One of NASA’s most successful endeavours comes to an end.
History could have followed a far more harrowing path, were it not for a vital international agreement – the 1967 Outer Space Treaty.
Astronomers are probing distant galaxies for any signs of life, whatever form it may take.
How a group of climate change sceptics running the scenes in Washington could make this fight an uphill battle
In our final article of the Cassini series, we take a look at The Grand Finale mission – a daring set of manoeuvres through Saturn’s rings that will end in the destruction of the spacecraft this Friday.
On the 15 September 2017, after almost 20 years of unprecedented insight in to Saturn and its satellites, NASA’s unmanned spacecraft, Cassini, will take it’s final flight, crashing in to the surface of Saturn. In this new series, we celebrate Cassini and some of its achievements.
When Cassini was being designed in the 1980s, an innovative plutonium energy source was developed to sustain it’s long journey. A source that would and still does carry considerable ethical considerations.
The new NASA mission, ICON, is looking to demonstrate how planet Earth and its weather contributes to the physics of the ionosphere.
A science-driven marathon, or a colonial sprint?
Have historical records underestimated global sea level rise?
This week’s image, taken from the International Space Station, is of a flower blossoming in space.
NASA is uncovering Saturn’s shrouded moon Titan with this infrared picture, which pierces through Titan’s haze, revealing its unseen surface.
Peter Shatwell sifts the fact and the fiction in support of the EmDrive – a proposed space propulsion system that appears to contradict a fundamental law of physics
44 years ago today, Apollo 14 landed on the moon. See more here. Image: NASA
What do organic materials detected by the Mars rover reveal about the potential for ancient life on the Red Planet?
It has long been hypothesised that Earth’s water originated from comets, but new data from the ESA’s Rosetta may indicate otherwise
What parts of our solar system are realistically accessible?
In the last fortnight: the OCO-2 satellite launch, a badger reprieve and energy subsidy stats …
Themes of the last fortnight have included passing the Turing test and Space science …
As the upper atmosphere gets privatised, NASA aims for the further reaches of the solar system …
The Winter 2012/2013 issue of ‘I, Science’ Magazine is about to be released. The theme is morality in science and the magazine includes articles such as NASA’s new ambitions, …
The next decade could play host to some exciting developments in space exploration. Sotirios Karamitsos writes about NASA’s plans to send astronauts to lunar space stations and beyond …
Taken from Issue 22. Although seemingly beautiful and serene, this fiery image shows the hundreds of millions of stars at the turbulent heart of the Milky Way, all cocooned in cosmic gas and dust. The life of such a star is visible in its entirety, from the dusty regions of star birth, populations of young […]
Pluto’s fifth moon discovered Image: Hubblesite A new moon has been found orbiting Pluto, bringing the number of satellites known around the former planet to five. P5 – the moon’s temporary designation – is between 10 to 25 km across (less than the diameter of London’s North Circular Road), and was discovered by scientists at […]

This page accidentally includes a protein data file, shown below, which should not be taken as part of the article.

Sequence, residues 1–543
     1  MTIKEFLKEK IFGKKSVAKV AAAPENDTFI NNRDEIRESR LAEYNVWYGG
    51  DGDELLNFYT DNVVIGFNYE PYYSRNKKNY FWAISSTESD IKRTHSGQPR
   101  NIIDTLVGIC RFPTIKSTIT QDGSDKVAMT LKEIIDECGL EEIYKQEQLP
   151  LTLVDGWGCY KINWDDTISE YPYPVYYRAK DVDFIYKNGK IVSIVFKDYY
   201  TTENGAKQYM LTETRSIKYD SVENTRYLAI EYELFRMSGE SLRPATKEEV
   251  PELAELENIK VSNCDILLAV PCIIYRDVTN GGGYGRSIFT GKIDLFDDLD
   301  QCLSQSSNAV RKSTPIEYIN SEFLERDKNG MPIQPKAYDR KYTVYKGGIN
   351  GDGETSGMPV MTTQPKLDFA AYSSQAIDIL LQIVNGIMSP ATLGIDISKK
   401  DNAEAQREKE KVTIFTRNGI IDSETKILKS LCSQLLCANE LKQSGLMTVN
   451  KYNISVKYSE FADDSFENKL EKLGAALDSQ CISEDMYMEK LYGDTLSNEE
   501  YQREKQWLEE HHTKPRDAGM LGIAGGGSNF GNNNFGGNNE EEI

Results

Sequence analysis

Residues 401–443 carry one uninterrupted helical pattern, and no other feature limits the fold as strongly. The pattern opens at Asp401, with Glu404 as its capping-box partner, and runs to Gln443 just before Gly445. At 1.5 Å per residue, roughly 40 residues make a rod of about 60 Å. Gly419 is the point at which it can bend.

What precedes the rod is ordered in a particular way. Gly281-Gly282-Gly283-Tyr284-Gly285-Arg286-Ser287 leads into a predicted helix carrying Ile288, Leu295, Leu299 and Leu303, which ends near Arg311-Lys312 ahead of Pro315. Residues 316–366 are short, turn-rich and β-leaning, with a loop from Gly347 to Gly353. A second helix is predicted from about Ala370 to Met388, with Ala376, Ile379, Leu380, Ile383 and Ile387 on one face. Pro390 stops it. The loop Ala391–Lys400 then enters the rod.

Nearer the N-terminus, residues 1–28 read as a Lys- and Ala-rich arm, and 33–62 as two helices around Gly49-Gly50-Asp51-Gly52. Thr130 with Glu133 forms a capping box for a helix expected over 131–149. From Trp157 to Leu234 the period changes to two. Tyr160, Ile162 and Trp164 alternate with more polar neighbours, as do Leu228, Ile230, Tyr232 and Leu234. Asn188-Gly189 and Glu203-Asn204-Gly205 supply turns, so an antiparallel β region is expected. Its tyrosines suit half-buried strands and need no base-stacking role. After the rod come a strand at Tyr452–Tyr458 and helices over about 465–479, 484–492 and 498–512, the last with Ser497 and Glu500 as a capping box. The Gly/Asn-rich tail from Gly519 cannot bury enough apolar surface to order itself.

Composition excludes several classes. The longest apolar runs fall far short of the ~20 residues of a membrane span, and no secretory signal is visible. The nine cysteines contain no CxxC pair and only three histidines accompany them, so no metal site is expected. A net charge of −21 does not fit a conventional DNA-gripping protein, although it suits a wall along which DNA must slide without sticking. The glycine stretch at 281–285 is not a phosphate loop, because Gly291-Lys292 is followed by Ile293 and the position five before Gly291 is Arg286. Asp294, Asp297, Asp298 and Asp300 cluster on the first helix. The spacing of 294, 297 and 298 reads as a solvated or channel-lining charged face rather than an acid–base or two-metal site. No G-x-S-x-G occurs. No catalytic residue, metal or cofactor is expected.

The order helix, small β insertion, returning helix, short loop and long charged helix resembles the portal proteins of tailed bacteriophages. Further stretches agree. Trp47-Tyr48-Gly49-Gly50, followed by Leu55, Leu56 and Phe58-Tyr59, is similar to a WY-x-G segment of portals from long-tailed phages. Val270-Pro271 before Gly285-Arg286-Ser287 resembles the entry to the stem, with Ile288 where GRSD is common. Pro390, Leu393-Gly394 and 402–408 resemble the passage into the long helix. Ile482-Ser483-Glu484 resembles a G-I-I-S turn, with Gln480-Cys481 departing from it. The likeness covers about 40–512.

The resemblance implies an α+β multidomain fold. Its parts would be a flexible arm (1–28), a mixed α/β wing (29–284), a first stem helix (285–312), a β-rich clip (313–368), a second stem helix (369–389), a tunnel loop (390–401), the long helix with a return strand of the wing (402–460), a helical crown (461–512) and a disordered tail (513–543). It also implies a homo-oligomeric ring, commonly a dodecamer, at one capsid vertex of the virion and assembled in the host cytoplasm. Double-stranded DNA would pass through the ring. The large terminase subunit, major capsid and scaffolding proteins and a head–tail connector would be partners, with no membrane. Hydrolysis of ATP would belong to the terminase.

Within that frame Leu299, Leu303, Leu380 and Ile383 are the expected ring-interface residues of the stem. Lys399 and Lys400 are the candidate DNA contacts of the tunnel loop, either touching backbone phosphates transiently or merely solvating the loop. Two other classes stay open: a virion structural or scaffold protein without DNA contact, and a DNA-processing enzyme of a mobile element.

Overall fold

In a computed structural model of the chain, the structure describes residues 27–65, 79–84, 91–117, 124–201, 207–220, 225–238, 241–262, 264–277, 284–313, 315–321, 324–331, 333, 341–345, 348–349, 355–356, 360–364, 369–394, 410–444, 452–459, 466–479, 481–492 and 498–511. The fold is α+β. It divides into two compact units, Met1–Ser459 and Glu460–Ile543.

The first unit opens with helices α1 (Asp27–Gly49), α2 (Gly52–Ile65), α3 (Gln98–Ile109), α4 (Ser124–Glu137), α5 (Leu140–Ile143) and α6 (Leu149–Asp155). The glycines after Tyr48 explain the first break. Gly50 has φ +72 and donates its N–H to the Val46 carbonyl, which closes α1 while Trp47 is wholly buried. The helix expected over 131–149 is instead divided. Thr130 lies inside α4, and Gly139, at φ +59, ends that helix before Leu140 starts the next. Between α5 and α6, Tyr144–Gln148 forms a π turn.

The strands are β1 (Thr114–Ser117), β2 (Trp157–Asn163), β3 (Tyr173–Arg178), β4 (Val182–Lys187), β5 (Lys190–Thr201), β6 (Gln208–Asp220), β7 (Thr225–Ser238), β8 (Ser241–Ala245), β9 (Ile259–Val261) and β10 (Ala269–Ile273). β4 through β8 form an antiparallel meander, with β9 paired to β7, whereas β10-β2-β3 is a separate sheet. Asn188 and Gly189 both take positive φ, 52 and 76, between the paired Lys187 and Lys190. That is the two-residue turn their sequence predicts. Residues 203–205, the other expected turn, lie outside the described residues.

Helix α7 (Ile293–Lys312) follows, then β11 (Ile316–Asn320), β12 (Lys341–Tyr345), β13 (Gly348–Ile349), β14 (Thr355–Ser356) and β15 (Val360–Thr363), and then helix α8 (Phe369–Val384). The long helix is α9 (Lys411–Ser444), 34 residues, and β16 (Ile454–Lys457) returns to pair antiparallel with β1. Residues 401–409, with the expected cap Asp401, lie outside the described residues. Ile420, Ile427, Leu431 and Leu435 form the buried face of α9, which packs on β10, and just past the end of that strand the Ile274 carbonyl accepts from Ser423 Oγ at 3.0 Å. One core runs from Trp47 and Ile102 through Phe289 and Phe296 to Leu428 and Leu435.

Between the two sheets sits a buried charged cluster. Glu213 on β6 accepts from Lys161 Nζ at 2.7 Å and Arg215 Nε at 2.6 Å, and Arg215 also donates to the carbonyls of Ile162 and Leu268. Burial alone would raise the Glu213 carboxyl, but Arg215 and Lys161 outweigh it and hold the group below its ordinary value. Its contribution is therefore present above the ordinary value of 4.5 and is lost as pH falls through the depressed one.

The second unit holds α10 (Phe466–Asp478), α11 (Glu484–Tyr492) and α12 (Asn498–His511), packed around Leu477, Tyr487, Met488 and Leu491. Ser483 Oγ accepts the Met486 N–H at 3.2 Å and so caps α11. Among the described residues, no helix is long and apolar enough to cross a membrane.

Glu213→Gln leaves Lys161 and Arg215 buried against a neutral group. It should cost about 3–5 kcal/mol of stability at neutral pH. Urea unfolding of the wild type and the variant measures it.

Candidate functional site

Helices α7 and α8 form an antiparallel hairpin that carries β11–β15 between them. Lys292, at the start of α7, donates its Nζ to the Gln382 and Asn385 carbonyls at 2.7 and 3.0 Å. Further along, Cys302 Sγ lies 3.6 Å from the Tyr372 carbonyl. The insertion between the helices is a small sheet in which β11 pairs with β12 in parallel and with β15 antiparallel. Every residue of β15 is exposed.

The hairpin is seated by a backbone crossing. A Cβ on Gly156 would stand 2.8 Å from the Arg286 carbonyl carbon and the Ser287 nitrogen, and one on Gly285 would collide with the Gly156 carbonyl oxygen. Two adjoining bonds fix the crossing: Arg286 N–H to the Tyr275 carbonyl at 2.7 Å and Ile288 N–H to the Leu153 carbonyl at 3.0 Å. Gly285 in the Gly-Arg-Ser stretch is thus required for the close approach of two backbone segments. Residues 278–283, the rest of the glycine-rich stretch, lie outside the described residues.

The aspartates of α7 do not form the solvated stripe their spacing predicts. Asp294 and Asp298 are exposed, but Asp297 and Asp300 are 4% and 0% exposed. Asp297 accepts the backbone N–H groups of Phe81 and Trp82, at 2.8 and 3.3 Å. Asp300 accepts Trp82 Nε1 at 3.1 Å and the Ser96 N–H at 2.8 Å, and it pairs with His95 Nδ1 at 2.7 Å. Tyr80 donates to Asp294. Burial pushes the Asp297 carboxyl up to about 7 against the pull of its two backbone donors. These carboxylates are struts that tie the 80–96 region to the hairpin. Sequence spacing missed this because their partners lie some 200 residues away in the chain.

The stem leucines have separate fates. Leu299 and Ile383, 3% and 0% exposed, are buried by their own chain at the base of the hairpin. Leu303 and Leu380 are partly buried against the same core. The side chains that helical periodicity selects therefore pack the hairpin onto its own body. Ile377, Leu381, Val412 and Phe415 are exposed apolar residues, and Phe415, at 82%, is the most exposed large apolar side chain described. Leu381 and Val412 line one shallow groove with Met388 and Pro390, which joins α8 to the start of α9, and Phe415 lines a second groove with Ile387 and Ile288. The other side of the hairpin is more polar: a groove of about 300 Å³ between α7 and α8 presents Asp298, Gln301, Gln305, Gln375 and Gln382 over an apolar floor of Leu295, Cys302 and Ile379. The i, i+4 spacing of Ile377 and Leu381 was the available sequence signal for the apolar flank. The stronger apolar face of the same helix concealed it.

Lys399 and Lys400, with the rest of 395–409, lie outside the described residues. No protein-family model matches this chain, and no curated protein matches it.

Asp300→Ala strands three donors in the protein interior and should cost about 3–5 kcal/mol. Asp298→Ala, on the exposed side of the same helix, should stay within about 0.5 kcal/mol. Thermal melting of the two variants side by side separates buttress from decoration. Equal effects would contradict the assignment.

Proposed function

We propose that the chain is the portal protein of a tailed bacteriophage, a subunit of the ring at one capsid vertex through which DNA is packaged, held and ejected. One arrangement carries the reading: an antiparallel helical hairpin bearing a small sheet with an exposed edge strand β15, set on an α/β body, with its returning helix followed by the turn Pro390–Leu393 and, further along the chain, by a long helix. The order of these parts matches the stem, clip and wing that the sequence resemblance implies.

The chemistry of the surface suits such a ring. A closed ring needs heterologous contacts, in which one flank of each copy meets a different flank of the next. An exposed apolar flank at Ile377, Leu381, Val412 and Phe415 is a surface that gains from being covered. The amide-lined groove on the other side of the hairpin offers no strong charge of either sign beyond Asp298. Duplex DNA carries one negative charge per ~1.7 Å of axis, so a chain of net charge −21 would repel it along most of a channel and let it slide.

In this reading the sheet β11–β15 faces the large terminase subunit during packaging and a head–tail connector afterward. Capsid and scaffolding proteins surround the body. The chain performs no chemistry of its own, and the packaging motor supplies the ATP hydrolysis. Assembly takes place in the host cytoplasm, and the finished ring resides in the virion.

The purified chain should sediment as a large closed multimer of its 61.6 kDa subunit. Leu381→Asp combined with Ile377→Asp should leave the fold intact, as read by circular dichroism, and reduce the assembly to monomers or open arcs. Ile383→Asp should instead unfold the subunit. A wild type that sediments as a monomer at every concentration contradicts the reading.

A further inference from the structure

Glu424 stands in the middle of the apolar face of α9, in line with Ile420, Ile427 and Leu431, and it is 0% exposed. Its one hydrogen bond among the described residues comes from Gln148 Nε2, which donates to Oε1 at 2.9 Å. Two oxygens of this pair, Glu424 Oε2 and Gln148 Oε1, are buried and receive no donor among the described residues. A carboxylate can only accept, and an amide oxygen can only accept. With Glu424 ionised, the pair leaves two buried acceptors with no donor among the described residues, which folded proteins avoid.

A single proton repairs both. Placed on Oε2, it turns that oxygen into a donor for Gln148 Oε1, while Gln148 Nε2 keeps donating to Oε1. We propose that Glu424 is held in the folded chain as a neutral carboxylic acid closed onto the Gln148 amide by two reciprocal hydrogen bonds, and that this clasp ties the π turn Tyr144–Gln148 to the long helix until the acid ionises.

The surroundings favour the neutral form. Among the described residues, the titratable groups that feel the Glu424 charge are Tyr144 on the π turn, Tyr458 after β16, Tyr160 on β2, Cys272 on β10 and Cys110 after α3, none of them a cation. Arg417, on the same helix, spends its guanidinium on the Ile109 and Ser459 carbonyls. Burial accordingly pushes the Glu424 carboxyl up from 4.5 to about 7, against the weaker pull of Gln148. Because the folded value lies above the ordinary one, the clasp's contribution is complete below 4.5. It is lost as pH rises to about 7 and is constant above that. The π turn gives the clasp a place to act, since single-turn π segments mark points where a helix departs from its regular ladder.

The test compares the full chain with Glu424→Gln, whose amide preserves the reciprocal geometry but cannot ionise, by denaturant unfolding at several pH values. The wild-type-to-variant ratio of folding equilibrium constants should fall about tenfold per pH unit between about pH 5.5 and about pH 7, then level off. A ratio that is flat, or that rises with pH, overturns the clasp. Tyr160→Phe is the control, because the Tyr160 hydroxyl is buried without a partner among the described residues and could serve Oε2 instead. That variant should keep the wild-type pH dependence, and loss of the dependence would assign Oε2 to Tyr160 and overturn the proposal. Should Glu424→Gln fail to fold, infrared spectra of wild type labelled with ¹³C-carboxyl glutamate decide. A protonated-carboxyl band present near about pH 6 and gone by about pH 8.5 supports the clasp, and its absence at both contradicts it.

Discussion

Guest contributor Conor McKeever kicks off our new fortnightly round-up of the key science news of the last few weeks. Two more place cards at the Periodic Table Video: youtube | periodicvideos Scientists have officially named two elements whose discoveries were announced last year. Element 114, first detected in 1999 by scientists at Russia’s Joint […]
The docked Apollo 9 command and service modules and lunar module conduct the first docking maneuvers in space. This photo of command module pilot David Scott in the command module’s open hatch was taken by lunar module pilot Russell L. Schweickart on the fourth day of the Apollo 9 Earth-orbital mission. Image: NASA — INTERVIEW […]
It might be very obvious considering my past posts and – if you’ve ever met me – my constant ramblings on the topic, but I’m quite a fan of astronauts. In Issue 20 of I, Science we interviewed former Apollo astronaut Colonel David Scott, which gave us the opportunity to ask a question that is […]
This article is taken from the Winter 2011 issue of I, Science. Joel Winston deconstructs the creative mechanism planned to help land NASA’s Mars Curiosity rover next year, and what this might mean for the evolution of space exploration. As Mars continues to intrigue us and yield ever more ambitious missions, even greater technological advances […]
Nine years ago today, the Space Shuttle Columbia burst into flames as it re-entered the Earth’s atmosphere after 16 days in orbit. All seven crew members lost their lives, and the debris from the craft was scattered across hundreds of miles. NASA diligently collected all the fragments that were found, and they are now stored […]
With the New Year comes the inevitable question of resolutions – how will you better yourself in 2012? The familiar answers of getting fit, losing weight, saving money and the like are a bit jaded, although surprisingly resolutions have been proven to make a huge difference to how we accomplish our desired goals. With this […]